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Star Trek TNG - Season 5 - Episode 05

Star Trek TNG - 5x05 - Disaster

Originally Aired: 1991-10-21

Troi acts as captain after the Enterprise is damaged. [DVD]

My Rating - 6

Fan Rating Average - 4.94

Rate episode?

Rating: 0 1 2 3 4 5 6 7 8 9 10
# Votes: 69 5 5 51 9 5 21 33 45 24 31

- Geordi says the cargo would be "sucked" out into space when they open the cargo bay doors. The correct term is "blown" out into space.
- The scene where they depressurize the cargo bay is a little absurd. Total decompression would have caused swift injuries that they don't seem to exhibit and isn't survivable for very long, whereas that scene seems to drag on for an uncomfortably long period of time. It's not like holding your breath under water. The lack of air isn't the main concern. The lack of pressure is the main concern. Maybe the ship has some method of maintaining the pressure on their bodies whilst depriving the air from the room? It's a stretch though.


Remarkable Scenes
- O'Brien and Keiko arguing over names.
- Beverly trying to convince Geordi to sing in her performance.
- The chaos that ensued when the Enterprise was hit by the quantum filament.
- Picard being stuck in a turbolift with three crying children...
- Troi taking command.
- Ro dumping phaser energy to power bridge terminals and O'Brien freaking out at her.
- Data suggesting that Riker remove Data's head and take it with him...
- O'Brien arguing with Ro about what to do.
- Troi standing up to Ro.
- Data's detached head guiding Riker.
- Worf to Keiko: "Congratulations, you are fully dilated to ten centimeters. You may now give birth."
- Worf to Keiko: "The computer simulation was not like this. That delivery was very orderly." Keiko: "Well I'm sorry!!"
- Worf delivering Keiko's baby.
- Troi insulting Riker's rank.

My Review
This episode is well conceived. I enjoy the way they wove Troi into the position of taking command. Two minor characters, O'Brien and Ro play important roles in the story, as well as Keiko. It was all very diverse and entertaining. It's also interesting to note that this episode takes place almost exactly nine months after TNG: Data's Day. It is logical why Keiko was having her baby now thusly. ;) A memorable and satisfying episode.

The following are comments submitted by my readers.

  • From Rozenn on 2006-04-02 at 2:59pm:
    I can't for the life of me remember where I read this, but I think the tensile strength of the body is enough to keep the blood in the veins from boiling. So no exploding bodies...
  • From Pete on 2006-04-15 at 1:35am:
    I enjoyed this episode quite a bit. Good acting by the kids, and Worf delivering a baby is priceless. However, I cannot tolerate Picard's overcoat. It's probably the single most annoying thing for me in the later seasons. Whenever I see it I get distracted and think about how much I hate it. I just don't understand why the directors feel like they have to change the uniforms up every year. I mean, the real Navy never EVER changes their uniforms. Starfleet changes them about every other year. It's extremely irritating, and Picard's overcoat is the worst. It makes him look extremely unprofessional. The only things I hate worse are the uniforms they wear in Nemesis.
  • From Orion Pimpdaddy on 2006-05-08 at 8:27pm:
    This episode works because there are so many interesting, tiny plots. They are skillfully woven into each other. The cargo bay scene is a very creative idea by the writers, and it does not seem implausible. Also, Riker taking off Data's head is one innovative, and hilarious concept. The three kids are not typical of the kinds of kids you normally see on Trek. These three were off the wall, and entertaining, except for the crying.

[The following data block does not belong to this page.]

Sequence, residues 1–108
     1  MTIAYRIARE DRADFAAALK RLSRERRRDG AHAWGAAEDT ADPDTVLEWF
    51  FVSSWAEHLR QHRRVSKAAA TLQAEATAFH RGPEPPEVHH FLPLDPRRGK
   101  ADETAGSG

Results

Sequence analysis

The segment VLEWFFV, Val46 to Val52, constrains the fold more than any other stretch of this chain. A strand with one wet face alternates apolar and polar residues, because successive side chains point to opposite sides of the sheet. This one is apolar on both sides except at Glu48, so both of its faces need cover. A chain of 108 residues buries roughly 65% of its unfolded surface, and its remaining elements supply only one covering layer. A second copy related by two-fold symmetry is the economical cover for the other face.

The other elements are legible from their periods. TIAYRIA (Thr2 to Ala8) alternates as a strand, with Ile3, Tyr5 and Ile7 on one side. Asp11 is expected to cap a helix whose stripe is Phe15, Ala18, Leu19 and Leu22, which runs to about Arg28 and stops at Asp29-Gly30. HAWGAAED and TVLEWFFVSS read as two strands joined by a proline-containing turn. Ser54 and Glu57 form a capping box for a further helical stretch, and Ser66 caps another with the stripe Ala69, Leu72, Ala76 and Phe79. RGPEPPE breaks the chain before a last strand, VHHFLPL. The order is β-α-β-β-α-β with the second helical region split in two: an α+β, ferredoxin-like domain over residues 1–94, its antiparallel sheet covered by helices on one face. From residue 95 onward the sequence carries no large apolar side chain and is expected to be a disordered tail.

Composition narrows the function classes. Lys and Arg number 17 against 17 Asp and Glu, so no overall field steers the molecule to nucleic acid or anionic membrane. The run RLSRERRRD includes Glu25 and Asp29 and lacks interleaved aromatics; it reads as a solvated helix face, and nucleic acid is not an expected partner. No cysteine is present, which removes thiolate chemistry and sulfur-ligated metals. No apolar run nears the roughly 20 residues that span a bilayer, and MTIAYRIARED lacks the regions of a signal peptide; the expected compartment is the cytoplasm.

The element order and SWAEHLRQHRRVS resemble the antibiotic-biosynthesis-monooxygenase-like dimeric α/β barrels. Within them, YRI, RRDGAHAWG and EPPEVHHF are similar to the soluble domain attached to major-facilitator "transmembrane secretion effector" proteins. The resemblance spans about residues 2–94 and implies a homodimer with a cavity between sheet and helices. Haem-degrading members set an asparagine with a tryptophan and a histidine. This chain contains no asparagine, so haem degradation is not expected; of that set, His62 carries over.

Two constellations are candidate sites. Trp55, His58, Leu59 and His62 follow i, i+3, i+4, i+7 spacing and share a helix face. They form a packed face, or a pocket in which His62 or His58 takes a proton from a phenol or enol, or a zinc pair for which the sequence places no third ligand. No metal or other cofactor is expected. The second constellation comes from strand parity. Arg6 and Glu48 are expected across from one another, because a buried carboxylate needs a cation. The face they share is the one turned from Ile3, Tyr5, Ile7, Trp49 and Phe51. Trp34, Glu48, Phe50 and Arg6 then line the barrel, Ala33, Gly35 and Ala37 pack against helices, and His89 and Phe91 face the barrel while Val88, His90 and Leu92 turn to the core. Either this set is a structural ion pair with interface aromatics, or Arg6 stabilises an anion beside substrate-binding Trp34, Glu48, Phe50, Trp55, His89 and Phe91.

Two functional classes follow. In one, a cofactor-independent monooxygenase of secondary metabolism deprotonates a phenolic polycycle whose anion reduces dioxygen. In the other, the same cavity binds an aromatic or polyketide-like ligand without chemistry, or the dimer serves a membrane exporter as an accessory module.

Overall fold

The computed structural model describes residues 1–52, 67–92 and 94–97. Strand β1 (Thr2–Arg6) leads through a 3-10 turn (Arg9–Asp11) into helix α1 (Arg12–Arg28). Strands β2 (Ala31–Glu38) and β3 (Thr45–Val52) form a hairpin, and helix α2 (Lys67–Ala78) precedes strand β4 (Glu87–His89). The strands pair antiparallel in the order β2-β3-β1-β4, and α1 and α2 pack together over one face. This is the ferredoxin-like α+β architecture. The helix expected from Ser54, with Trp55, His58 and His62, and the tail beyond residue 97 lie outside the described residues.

It would have been great to know what the final death toll was, since it can be assumed that people died all around the ship. Engineering was vacant. Where did everyone go? Either way, this episode deserves an 8.
  • From Bob Bracegirdle on 2006-07-14 at 9:20am:
    Decompression scene is ridiculous. Quite apart from the best policy being to totally EXHALE so there is no air in the lungs, the "holding" on to a frame would be impossible in an explosive decompression - you would be blown out with the cargo. You would have to tie yourself to such a frame.

    Incidentally why is the recompression button so far from the decompression one?
  • From DSOmo on 2007-09-06 at 1:36am:
    - Troi asks what a containment breach is! At the beginning of "Contagion," the Yamato explodes when matter and antimatter mix uncontrollably. Troi is on the bridge at the time. Later, in the observation lounge, Geordi explains in great detail about the magnetic seals dropping and the catastrophic consequences of unregulated combination of matter and antimatter. Troi is also at that meeting. Why doesn't Troi know what will happen if the antimatter containment field goes down? How did she get a rank of lieutenant commander without learning about warp engines? No one expects her to be able to field-strip a warp coil, but antimatter containment seems pretty basic.
    - When Picard and the children finally find a turbolift door they can open, Picard's waist is level with the deck floor. Picard heaves the top half of his body onto the floor and then yanks and pulls himself the rest of the way. Why is Picard going through all these gymnastics? The ladder goes all the way up the turbolift shaft, with the doors for each deck to his right. Why not just hop up a few more rungs with his right foot and then step off when his right foot is level with the floor?
    - While Geordi tries to open the door manually, Crusher places her hand against a wall. She then tells Geordi the wall is hot, and Geordi says, "Where?" Where? Geordi can examine things thermally. He should be able to look at the wall and see the heat.
  • From Fred on 2008-01-10 at 11:53am:
    For anyone interested, a search on Google, and a wade through many less than useful posts like 'you suffocate and explode', it turns out that Dr Crusher and Geordie's experience was reasonably accurate... except neither of them lost control of their bowels.

    In short, they would have survived, and Dr Crusher's summary of what would happen is largely accurate, according to research performed by NASA in the 60s. Our bodies would mostly hold us together, but the expansion of fluids and gases would be what kills you, starting from the outside working in.

    One other interesting thing I read, was that if you model the human body as a black blob, it would take several hours for it to loose enough heat to freeze.

    For more info, these site's give some good info:
  • From djb on 2008-03-23 at 7:03pm: